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Biographer reveals predictable, liberal bias against conservative stalwart
on November 4, 2008
I have read with great interest, and much disappointment, the book by professor William Link, "Righteous Warrior: Jesse Helms and the Rise of Modern Conservatism."
While the book relates some interesting episodes from the life and professional career of Senator Jesse Helms, it ultimately fails to capture the character of the man, falling victim instead to the obvious, politically liberal bias of the author (a member of Historians for Obama). In fact, Link's admiration for one of the Senate's most liberal members (THE most liberal, according to the National Journal Survey in 2008) should serve as caution enough about the prejudiced liberal leanings that inevitably influenced his biography on one of the Senate's most conservative members.
Under the guise of serious scholarship, Link skews his presentation - in a way that actually reveals his own biased viewpoint - selectively picking and choosing what he would include and what he would ignore in order to perpetuate his preconceived slant on a man he never met.
It was my privilege to work with Senator Helms for 12 of his 30 years in the U.S. Senate, and I scarcely recognize the man Link portrays. I remember being interviewed by Link more than a year before the book was published in preparation for his biography on the senator.
At the time, he portrayed himself as a professional and disinterested historian, who wanted to write a factual and objective portrait of North Carolina's longest-serving senator whom he considered had been pivotal in the development of modern-day conservative politics.
Imagine my surprise when I read in the preface to his book that, in fact, he came to his project not with any sort of academic neutrality but rather with a fundamentally liberal prejudice. Link, who is now a professor in Florida, lived in North Carolina for much of the Senator's tenure, and he says that while a constituent of the Senator's, "I subscribed to his demonization; he represented everything that I dislike in modern politics, his policies represented polar opposites of everything I believed in."
Of Helms' first election in 1972, Link, who was a college student at the time, says he "regarded him as out of the political mainstream and of little importance: most people, especially in student circles of the 1970s, regarded him as something of a buffoon who would almost certainly not last longer than a single term."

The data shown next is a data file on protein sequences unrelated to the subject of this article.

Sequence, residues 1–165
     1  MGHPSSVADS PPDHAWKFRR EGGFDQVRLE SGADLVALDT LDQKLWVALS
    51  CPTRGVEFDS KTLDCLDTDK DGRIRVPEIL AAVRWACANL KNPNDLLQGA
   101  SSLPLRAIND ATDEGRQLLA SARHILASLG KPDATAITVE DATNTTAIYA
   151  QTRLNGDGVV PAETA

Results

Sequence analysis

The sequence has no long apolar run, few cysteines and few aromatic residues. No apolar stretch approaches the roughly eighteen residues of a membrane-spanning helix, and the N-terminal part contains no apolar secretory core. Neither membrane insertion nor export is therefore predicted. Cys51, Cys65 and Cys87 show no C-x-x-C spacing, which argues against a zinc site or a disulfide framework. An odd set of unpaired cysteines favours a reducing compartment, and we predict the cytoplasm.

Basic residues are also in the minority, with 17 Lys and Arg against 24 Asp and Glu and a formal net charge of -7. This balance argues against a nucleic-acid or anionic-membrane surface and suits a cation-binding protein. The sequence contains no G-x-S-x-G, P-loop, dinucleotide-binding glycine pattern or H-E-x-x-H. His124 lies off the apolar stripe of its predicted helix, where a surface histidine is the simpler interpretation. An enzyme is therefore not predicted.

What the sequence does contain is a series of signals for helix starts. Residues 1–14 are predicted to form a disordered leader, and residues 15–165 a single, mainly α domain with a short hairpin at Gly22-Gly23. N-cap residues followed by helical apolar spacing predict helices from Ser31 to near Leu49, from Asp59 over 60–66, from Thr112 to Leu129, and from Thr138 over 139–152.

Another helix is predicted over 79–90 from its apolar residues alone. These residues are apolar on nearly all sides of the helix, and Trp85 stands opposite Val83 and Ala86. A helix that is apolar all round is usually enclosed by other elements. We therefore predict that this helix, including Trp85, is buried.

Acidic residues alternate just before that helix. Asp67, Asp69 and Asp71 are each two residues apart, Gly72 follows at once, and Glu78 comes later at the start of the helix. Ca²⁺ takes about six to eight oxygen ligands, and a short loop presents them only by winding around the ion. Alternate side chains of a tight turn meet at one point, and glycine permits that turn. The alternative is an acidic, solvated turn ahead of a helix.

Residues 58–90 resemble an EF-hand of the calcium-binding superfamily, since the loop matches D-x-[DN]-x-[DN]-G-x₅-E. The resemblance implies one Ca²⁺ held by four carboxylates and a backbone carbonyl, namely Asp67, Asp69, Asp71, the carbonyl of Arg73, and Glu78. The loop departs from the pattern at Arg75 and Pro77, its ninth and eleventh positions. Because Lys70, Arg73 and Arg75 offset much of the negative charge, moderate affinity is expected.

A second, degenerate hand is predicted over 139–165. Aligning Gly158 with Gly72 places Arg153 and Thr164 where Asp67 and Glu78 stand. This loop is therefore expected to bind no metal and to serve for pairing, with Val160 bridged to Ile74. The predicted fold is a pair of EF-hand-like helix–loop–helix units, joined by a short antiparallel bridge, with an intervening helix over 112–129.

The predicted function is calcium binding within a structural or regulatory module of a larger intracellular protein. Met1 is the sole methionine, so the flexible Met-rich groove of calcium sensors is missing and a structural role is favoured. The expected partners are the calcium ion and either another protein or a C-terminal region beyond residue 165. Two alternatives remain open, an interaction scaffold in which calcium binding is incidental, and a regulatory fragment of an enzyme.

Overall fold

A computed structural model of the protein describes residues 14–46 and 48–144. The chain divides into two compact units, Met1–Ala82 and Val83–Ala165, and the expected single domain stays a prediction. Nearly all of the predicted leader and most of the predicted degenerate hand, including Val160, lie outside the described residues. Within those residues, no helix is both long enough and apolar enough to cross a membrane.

That bias, finally confessed, is not confined to the preface, but drips from page after page. In fact, to a group editorial writers assembled in Chapel Hill earlier this year, Link acknowledged that he lived in North Carolina at the time of most of Helms' election campaigns (four out of five) and voted against Helms each time.
That's hardly the record of an impartial observer.
Link's dislike, distrust, and disagreement with Helms is obvious throughout.
For instance, any time there is a choice between believing what Helms said were his reasons or motivations for a particular position during his Senate years versus believing what a liberal Senate colleague or liberal editorial page writer charged, Link invariably chooses the most liberal, anti-Helms viewpoint.
Link frequently views Helms through a one-dimensional, racial prism. He attributes racial motivations, inevitably devious ones, to many of Helms' positions, and ignores all evidence of Helms' actual racial record of fairness and equal treatment - such as running one of the most integrated and racially diverse television stations of his era or hiring the first black American, of any party, on the professional staff of the U.S. Senate's Foreign Relations Committee.
Is it any wonder that Link's book is applauded by like-minded liberals, especially in academia, the media, and the Democratic Party (three groups Helms frequently battled)? Those who opposed Senator Helms' conservative philosophy, Christian faith, and support for traditional values will, no doubt, be heartened by this re-hash of presumptions about the Senator's motives and actions with the same, predictable chorus of critics, most with their own agendas. Note, for instance, how many of Link's sources (just skim the footnotes for confirmation) are liberal editorial writers and columnists, or liberal, usually Democratic, politicians, with whom the conservative Republican Helms frequently clashed. Link's interpretations continually put Senator Helms' actions in the most negative light, falsely concluding that courageous or controversial positions were taken in order to seek political advantage, when, in fact, he was standing against the prevailing winds, even earning the moniker "Senator No."
Jesse Helms was recognized during his Senate career, even by political pponents, as a creative legislator (and master parliamentarian) motivated by principled positions - invariably conservative ones, with which Link should just admit he disagrees. Helms was also renowned throughout his lifetime for his directness, candor, and honesty, traits that Link's version of events attempts to displace.
Link fails even to consider that Senator Helms' actions and motivations came from this core set of deeply-held convictions on principle - principles upon which our country was founded - such as the importance of personal responsibility, private property rights, and limited government.
Those wanting to fuel their own propensities toward a liberal leaning will, undoubtedly, find the book full of the examples they may find fulfilling to accomplish that purpose.
But a more thoughtful reader seeking a deeper insight into one of the late 20th Century's most courageous and controversial politicians - with even a modicum of biographical objectivity or historical context - will come away deeply disappointed.
This book gets one star, only because Amazon doesn't offer a lower rating.